A major factor contributing to Uber’s growth is its potential… Michael Wolfe, an entrepreneur and frequent technology commentator explains:
If you think of Uber as a town car company operating in a few cities, it is not big.
If you think of Uber as dominating and even growing the town car market in dozens of cities, it gets bigger. (Data point: there are now more Uber black cars in San Francisco than there were ALL black cars before Uber started).
If you think of Uber as absorbing the taxi markets, it gets pretty huge.
If you think of Uber bringing taxis to parts of the world that did not have them before because of insufficient density, it gets even larger.
If you think of Uber as a personal logistics service that can drive your kids to school and back, take you to work, pick up your parents at the airport, drive you to date night so you can get your drinks on, it gets very very large.
If you think of Uber as delivering both people as well as things (packages, dry cleaning, groceries) it gets even larger.
If you think of Uber as a replacement for your car, it gets even larger.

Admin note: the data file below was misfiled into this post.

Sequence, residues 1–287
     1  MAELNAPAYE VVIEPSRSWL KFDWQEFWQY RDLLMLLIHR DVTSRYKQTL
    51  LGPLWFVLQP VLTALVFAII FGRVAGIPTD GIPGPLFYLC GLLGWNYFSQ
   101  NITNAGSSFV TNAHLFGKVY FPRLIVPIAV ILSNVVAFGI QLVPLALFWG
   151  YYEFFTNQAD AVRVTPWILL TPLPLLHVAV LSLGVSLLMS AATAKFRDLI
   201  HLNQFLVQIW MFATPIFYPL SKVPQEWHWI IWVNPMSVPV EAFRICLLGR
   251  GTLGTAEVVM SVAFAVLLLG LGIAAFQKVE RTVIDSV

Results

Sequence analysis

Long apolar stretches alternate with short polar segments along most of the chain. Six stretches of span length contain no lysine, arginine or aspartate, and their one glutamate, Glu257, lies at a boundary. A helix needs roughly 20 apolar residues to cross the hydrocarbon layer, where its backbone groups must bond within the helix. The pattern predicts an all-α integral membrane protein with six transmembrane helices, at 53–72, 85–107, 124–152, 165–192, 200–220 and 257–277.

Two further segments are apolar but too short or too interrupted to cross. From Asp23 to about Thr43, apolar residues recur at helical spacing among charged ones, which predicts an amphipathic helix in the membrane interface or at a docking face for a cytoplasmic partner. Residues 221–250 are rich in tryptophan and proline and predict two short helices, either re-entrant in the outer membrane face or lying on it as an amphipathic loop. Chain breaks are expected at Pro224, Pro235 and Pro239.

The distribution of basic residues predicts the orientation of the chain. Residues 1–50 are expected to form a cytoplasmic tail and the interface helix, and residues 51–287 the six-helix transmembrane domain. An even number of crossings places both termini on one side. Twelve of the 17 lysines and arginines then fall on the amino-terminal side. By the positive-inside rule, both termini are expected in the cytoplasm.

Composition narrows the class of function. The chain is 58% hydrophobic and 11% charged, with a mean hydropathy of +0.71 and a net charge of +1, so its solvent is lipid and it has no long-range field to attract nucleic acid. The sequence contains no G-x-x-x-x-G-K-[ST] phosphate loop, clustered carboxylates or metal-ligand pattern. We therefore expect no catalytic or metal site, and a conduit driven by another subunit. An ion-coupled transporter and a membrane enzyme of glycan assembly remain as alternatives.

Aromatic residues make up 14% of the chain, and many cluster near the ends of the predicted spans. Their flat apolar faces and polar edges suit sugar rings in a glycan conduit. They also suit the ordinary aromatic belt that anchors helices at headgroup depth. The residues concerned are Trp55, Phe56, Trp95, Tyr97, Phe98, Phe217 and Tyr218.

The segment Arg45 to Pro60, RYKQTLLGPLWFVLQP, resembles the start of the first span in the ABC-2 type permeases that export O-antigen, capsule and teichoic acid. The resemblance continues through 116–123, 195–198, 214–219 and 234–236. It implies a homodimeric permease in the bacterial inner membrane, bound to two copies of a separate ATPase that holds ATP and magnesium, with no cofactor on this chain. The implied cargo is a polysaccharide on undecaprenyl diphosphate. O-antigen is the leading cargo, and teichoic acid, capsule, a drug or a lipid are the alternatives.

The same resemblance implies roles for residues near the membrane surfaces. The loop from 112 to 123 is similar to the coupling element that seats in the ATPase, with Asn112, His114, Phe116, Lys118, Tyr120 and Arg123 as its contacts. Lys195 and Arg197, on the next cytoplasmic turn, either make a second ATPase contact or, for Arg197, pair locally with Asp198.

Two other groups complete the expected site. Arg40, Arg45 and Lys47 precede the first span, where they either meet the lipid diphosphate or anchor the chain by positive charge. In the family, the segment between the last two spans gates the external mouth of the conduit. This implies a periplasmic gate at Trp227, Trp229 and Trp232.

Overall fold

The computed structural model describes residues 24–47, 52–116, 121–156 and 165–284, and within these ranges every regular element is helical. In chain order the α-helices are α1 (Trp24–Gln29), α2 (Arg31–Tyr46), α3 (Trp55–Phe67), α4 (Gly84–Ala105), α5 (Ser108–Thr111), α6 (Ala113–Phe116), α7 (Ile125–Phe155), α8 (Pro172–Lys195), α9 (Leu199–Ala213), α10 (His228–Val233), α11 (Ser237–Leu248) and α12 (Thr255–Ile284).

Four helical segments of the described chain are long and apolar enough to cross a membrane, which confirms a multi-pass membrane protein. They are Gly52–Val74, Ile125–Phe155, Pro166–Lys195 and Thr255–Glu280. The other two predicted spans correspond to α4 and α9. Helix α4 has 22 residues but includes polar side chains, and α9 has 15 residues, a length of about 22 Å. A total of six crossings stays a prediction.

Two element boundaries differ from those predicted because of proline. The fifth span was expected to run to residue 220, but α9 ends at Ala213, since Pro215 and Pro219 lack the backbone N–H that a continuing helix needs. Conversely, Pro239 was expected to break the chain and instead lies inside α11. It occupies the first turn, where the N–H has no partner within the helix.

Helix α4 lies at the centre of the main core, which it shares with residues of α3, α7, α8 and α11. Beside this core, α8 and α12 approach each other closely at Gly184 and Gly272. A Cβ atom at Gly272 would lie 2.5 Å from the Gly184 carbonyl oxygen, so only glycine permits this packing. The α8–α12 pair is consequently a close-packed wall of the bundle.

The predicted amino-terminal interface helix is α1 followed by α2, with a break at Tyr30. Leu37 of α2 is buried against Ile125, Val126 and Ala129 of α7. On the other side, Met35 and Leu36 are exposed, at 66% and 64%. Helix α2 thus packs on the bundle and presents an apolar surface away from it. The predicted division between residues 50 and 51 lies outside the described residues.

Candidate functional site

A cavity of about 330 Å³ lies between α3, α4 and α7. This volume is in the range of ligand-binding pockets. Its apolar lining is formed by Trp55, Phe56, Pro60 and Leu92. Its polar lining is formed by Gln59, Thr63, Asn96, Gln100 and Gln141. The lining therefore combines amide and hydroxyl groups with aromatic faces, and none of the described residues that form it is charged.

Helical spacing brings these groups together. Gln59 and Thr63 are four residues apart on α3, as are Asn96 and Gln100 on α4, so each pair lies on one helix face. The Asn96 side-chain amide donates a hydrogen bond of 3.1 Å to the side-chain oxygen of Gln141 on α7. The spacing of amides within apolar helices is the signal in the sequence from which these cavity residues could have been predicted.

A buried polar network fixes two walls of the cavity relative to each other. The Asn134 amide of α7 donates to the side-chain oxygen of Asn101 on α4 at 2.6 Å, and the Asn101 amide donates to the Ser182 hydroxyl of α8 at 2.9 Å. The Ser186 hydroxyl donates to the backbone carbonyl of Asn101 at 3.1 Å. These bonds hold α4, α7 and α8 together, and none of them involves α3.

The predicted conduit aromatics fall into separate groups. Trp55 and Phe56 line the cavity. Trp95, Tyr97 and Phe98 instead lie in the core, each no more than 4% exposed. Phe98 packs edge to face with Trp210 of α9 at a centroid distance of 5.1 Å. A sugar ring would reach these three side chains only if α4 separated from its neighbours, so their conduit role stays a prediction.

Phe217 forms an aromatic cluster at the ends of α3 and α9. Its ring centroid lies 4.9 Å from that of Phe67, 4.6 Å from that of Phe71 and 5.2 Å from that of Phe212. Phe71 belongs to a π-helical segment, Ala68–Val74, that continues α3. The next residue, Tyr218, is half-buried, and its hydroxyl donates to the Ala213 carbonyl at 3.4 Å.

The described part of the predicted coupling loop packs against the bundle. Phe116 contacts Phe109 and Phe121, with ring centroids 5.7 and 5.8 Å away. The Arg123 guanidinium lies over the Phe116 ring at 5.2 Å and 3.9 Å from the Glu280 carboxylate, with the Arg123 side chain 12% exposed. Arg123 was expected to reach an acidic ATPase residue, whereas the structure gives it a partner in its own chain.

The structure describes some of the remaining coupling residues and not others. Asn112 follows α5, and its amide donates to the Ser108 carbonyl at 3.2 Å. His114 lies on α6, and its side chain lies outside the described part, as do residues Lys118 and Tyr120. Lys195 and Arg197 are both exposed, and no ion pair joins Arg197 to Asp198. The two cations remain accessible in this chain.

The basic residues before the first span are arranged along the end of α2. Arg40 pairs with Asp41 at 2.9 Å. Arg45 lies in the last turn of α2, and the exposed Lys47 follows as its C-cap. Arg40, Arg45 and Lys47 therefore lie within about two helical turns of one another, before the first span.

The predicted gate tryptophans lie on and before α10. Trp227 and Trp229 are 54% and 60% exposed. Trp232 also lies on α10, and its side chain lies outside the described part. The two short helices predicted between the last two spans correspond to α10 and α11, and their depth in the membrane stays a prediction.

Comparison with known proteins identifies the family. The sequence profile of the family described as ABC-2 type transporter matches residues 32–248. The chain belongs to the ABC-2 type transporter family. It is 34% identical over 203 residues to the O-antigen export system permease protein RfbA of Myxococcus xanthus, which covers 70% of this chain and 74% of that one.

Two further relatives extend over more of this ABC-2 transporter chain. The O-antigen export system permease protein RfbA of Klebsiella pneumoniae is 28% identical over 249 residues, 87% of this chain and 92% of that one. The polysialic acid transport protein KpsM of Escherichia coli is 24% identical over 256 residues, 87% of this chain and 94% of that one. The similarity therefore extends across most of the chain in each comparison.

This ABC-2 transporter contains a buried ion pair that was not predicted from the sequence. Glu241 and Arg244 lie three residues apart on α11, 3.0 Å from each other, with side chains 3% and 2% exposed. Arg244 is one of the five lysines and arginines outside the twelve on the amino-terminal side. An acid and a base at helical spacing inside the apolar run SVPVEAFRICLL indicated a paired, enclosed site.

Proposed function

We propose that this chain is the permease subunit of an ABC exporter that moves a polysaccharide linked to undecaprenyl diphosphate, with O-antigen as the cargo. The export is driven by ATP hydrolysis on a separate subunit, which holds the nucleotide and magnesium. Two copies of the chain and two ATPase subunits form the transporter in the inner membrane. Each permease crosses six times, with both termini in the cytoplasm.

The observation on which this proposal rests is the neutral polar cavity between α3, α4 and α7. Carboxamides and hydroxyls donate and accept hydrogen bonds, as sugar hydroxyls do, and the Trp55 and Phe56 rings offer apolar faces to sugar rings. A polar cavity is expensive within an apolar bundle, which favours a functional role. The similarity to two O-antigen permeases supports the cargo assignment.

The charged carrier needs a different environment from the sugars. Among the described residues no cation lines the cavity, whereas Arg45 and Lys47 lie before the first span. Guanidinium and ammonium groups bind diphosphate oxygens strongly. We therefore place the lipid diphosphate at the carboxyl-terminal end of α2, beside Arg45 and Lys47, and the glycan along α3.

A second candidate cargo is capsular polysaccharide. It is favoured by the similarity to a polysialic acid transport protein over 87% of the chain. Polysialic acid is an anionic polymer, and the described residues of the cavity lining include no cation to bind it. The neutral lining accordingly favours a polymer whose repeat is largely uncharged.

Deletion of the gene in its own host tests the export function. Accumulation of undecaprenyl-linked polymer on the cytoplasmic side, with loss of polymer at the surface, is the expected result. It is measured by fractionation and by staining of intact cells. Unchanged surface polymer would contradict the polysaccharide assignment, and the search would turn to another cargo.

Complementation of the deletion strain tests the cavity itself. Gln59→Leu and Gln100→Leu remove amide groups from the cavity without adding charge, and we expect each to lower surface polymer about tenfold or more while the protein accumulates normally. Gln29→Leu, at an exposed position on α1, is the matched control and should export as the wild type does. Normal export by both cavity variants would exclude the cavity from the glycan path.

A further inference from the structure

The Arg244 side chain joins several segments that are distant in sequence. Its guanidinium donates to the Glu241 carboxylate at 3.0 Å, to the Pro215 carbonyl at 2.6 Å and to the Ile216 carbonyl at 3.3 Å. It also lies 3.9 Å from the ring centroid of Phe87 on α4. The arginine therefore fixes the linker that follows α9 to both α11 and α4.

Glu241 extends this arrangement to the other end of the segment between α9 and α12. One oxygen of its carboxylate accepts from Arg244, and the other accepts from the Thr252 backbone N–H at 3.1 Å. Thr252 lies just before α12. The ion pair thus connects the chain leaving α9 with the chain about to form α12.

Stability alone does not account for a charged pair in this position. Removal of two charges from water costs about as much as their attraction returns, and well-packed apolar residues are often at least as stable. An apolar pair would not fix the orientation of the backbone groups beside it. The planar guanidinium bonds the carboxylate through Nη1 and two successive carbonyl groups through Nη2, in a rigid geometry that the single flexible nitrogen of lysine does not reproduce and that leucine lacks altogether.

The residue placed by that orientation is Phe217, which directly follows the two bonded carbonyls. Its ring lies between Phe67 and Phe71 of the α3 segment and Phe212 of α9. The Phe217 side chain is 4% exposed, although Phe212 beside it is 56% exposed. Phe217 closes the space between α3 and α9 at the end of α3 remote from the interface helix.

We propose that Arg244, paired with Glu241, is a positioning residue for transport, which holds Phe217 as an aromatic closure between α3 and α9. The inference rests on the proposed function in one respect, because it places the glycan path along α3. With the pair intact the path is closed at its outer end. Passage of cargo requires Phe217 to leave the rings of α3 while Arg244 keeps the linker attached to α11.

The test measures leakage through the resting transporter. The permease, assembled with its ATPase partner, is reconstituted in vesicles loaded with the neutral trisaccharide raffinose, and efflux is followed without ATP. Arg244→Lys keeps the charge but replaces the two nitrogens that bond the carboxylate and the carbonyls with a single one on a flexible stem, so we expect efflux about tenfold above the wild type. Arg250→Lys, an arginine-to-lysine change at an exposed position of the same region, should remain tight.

If you mix in a fleet of self-driving cars, orchestrated by Uber, it grows again.
If you think of Uber as a giant supercomputer orchestrating the delivery of millions of people and items all over the world (the Cisco of the physical world), you get what could be one of the largest companies in the world.
Let’s say you’re in Glasgow, Scotland, trying to start a technology-driven business. Many would view this as a competitive disadvantage, but I don’t. In fact, I think there are a tremendous number of wins to be had from the outsider status: - Your costs—all of them—will be lower. - If you have any degree of success, you’ll automatically be a big fish in a small pond, which will give you an amazing emotional boost and make an entire community invested in your success. - There is no echo chamber. If you’re building a product that people want, you’ll know, and if you’re chasing unicorns, you’ll know that, too. - If you gain traction, your business will become an excuse for investors, startup folks, speakers, and partners to visit. - You’ll have a much easier opportunity to attract the best and brightest in your region rather than having to constantly compete with hundreds of other companies, big and small, for talent.
Don’t dismiss the power of being far away from California. Silicon Valley is a state of mind, not so much a physical place.